These atypical qualities separate the Conference & Colloquium from more standard digital humanities symposia, and continue to make it an attractive and exciting venue for presenters. As an editorial team, we agree that this special issue captures a multitude of voices in syncopation—from different career stages, disciplines, backgrounds, interests, and skill sets. The eclectic mix of essays in this collection characterizes it as both a compelling snapshot of DHSI and a record of the types of innovative research projects, methods, and endeavours being pursued by members of the wider digital humanities community. 

Several of the essays concretely demonstrate how digital tools can be used to enhance humanities research. Thana Al-Shakhs provides a compelling and comprehensive account of the value of digital tools for vocal analysis within the broader realm of poetry analysis. Erica Hayes and Kacie Willis introduce eighteenth-century collector Sarah Sophia Banks and demonstrate how digitally mapping her numismatic holdings--using Neatline--visualizes the powerful networks of the British Empire in a way previously obscured from view.  In his paper, John Barber unifies academic and creative approaches. He provides a comprehensive overview of the concept of “soundscapes” and “soundwalking,” and their connection to digital humanities. Marieke M. A. Hendriksen documents the creation of the ARTECHNE research database and critically reflects on the dataset and interface developed.  

Another collection of the papers showcase how digital humanities methods can highlight marginalized groups, uncover histories, and work towards more inclusive practices. Arun Jacob examines the narrative arcs that survive—and the stories that are absent from—the genealogical history of the field of digital humanities in hopes of offering a counter-hegemonic cultural memory. Heather Bliss, Inge Genee, Marie-Odile Junker, and Daniel Paul O’Donnell comment on the disconnect between Indigenous conceptions of authorship and institutionalized academic practices regarding the same. Christina Boyles introduces the Puerto Rico Disaster Archive: an open access repository that collects and chronicles the experiences of Puerto Rican residents after the recent natural disasters, and how these narratives shift our cultural understanding of relief following disaster. Gia Alexander adds to the current conversations around accessibility and digital humanities, and includes both theoretical and practical engagement with the topic of digitizing material in accessible ways.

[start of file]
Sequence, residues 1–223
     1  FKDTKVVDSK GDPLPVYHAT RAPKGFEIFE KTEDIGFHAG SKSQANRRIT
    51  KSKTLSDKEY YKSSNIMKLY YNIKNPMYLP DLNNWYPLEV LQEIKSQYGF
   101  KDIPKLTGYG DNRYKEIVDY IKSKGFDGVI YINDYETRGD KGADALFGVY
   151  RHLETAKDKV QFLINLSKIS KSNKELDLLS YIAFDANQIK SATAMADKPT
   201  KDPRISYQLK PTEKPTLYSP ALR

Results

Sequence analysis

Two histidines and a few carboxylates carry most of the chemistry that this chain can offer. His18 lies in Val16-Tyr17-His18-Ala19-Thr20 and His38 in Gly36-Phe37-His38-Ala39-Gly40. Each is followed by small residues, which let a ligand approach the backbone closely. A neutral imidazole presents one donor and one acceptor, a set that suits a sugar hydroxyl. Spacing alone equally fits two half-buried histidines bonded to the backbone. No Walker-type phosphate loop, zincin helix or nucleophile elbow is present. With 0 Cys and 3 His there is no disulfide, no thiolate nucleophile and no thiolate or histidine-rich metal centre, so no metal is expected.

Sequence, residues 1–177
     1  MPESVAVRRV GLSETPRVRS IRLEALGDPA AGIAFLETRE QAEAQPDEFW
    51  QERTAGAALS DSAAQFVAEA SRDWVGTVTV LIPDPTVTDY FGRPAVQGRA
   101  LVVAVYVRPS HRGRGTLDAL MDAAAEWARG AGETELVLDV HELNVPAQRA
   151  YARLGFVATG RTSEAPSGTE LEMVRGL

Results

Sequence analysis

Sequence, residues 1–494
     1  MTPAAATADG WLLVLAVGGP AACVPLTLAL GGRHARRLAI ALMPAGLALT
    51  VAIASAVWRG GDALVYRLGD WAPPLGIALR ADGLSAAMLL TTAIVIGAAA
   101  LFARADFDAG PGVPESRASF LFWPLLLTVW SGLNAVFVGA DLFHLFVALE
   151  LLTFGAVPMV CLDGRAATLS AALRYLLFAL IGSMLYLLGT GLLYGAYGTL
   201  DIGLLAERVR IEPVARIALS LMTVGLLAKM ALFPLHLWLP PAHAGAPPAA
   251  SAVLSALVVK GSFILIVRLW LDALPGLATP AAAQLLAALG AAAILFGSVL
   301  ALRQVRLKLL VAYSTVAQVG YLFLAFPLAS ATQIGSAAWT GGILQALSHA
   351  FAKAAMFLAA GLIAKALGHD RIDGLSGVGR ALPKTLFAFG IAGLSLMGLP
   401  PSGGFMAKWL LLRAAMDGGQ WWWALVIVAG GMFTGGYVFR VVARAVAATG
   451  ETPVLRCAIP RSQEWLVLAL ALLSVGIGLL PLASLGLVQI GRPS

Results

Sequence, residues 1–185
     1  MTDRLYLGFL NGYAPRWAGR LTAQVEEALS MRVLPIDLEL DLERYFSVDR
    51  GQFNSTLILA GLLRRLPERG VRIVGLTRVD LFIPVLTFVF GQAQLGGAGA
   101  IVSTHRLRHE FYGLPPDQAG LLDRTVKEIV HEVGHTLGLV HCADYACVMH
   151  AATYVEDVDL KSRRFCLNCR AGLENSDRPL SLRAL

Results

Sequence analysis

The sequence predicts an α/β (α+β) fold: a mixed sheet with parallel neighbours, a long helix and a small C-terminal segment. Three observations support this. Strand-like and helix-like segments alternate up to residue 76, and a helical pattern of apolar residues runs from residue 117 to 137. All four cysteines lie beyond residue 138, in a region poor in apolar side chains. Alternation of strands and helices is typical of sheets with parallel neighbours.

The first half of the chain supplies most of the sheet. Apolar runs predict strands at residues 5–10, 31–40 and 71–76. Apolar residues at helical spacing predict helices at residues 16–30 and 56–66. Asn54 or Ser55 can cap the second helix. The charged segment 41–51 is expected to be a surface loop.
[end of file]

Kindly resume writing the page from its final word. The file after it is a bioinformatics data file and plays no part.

The concluding trifecta of papers present case studies that explore how institutions structure, use, and develop digital humanities programming. Paulina Rousseau describes a Public History course, taught at the University of Toronto, that focuses on local, public, digital history, and introduces digital tools like Omeka, Scalar, and Neatline. Evan Peter Williamson and Sean Butterfield contribute an essay that outlines a web-based, interactive, open textbook for undergraduate music theory. In their paper, Fiona Coll, Serenity Sutherland, and Candis Haak share how digital humanities’ practices have evolved at their home institution, SUNY Oswego, by discussing how ad-hoc committees and informal meetings eventually evolved into the establishment of a digital humanities minor and the Humanities Collaboratory.

Taken together, the papers collected here offer a snapshot of the ideas and projects shared at the DHSI Conference & Colloquium. Wide-ranging in scope and approach, we hope each reader can gain a sense of the innovative and important conversations that presenters spark during this annual event. From pragmatic, project-based inquiries to more theoretical engagements with weighty issues around discipline formation, these proceedings encapsulate the digital humanities as an ongoing, evolving, and multi-voiced field.